This is a reprint of an essay I wrote a few years ago. Next week I’ll be writing about the choices we make and I’d like to start by sharing this experience.
We’re in a grocery store and my seven-year-old daughter Jessica wants some stickers. Since this is the reward I always give her for being patient while we stock up for the week, I say yes and guide her down the card aisle. Packages of stickers hang from hooks on a corner of the shelf.
She plants herself in the aisle and inspects the stickers. We’ve done this so many times before that you’d think she’d have memorized them all by now. The selection doesn’t change much – there are butterfly stickers and Pooh stickers and flower stickers – but she deliberates carefully as if she has never seen the stickers before.
For all I know, she hasn’t. It’s difficult to know what she thinks or knows or sees or remembers. I do know that making choices is hard for Jessica. Most things are hard for Jessica because she was born with a rare genetic disorder that causes seizures and partial blindness and sensory dysfunction. I don’t even remember all the things the doctors have diagnosed. I stopped listening a long time ago. I find choices hard, too, but that was one choice that wasn’t so very difficult to make.
Jessica has a sunny nature although she can be more stubborn than any mule. Just try to get her to pick out some stickers so we can move along before the frozen French fries thaw.
“You need to pick, honey,” I tell her after I’ve grown bored flipping through the cards on the shelves next to the stickers.
“Hard to choose,” Jessica tells me.
Indeed it is. When she was nine months old the neurosurgeons asked me to choose brain surgery. They wanted to remove most of the left side of her brain to control the seizures. No parent should ever have to make that choice, but that didn’t stop them from forcing me to make it. When the surgery didn’t work, I chose not to sue everyone. When I chose to leave my husband after years of unhappiness in my marriage, he said to me, “I think we would still be together, if not for Jessica.” For all I know, it could be true. But I chose not to blame my daughter for my own failings. Sometimes it is hard to choose. To remain undecided, uncommitted: I wish I had that choice.
Finally, I grow exasperated with Jessica, who stares at the selection of stickers without moving. “Choose!” I command. “If you don’t pick right now, we’re going to leave without any!”
Jessica loses her focus and I wish I had chosen not to make my threat.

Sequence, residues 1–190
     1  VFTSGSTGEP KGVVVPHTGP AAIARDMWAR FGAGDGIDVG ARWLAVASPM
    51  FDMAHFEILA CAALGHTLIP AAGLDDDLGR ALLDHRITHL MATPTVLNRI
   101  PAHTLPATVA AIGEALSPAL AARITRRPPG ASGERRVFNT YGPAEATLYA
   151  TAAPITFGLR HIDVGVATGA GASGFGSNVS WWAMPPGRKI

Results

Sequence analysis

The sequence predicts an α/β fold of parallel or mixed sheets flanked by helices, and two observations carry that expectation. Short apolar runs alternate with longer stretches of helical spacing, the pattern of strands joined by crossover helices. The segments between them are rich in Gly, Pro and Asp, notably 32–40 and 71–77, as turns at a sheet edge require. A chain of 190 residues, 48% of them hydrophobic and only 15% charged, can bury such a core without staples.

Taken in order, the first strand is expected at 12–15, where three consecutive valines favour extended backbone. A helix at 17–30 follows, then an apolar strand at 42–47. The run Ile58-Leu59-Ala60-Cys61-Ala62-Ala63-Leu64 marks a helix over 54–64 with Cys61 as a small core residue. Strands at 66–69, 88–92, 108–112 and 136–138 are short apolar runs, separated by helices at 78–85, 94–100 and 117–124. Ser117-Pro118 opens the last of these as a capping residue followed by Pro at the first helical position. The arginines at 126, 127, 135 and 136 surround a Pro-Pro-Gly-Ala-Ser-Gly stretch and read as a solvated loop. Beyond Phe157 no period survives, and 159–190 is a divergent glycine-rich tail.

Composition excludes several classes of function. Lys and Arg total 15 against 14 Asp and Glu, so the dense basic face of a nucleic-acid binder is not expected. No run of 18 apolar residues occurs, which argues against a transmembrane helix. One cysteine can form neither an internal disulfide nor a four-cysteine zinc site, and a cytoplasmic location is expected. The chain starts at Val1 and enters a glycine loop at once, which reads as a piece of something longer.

“Mama is mad,” she says to me.
She is just learning about emotions and isn’t always confident that she has identified one correctly. She’s not entirely sure what emotions mean, but she knows she doesn’t like it when I’m mad. Her own feelings she keeps to herself. She has an autism-spectrum disorder; I wrote the name of it down somewhere, but the diagnosis isn’t helpful. It doesn’t tell me what to do or how to parent her, how to reach her or quiet her when she’s agitated or keep her from becoming agitated in the first place, how to respond to the cruelty of others who feel threatened by her differences, or how to write my books when I’ve spent the entire day rocking her in my arms. Mostly the doctors give unhelpful diagnoses and I do the best I can, and sometimes wish I had made different choices.
“Mama is mad,” I agree. Jessica doesn’t understand fine shadings like bored, impatient, frustrated. To Jessica, people are mad, or not. “We’ve been standing here for twenty minutes. Let’s go,” I say firmly.
“Want stickers!” she wails.
“Then PICK!” I wail.
“Hard to choose,” she says.
And I start to laugh. Indeed, it is hard to choose – hard to choose to take the next breath when the neurologist says your newborn daughter’s brain is massively deformed; hard to choose to write the next story when everyone rejected the last one; hard to choose to walk away from a marriage to a nice man who never grew up.
Jessica beams when she sees my smile. “Mama not mad,” she says knowingly.
“No,” I say, “Mama’s not mad anymore.” And I give her a big hug. She pushes me away slightly so she can look up into my face.
“Mama picked happy,” she says, wisely.
I glance at her, startled. But she has turned back to the stickers, undecided between Pooh and Mickey Mouse.
Pick happy, I tell myself, turning it over in my mind as if it were a foreign concept. I think of all the joy and all the sorrow I have felt since this child came into my life, and I reflect on the irony that she is the one to teach me the answer to the most important choice of all. Even if otherwise she does find it hard to choose.